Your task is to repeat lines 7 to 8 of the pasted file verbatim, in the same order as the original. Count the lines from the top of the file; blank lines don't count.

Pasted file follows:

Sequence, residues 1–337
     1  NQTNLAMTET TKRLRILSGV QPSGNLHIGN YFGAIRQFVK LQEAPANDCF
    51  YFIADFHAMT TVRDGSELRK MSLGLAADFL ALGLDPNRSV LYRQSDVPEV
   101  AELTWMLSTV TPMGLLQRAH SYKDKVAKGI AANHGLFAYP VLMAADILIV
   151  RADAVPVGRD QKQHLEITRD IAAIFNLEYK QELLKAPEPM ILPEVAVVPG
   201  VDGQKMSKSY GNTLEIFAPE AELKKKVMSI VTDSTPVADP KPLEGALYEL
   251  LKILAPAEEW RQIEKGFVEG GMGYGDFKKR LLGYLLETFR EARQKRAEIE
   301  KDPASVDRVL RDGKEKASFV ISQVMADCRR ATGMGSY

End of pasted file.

   251  LKILAPAEEW RQIEKGFVEG GMGYGDFKKR LLGYLLETFR EARQKRAEIE
   301  KDPASVDRVL RDGKEKASFV ISQVMADCRR ATGMGSY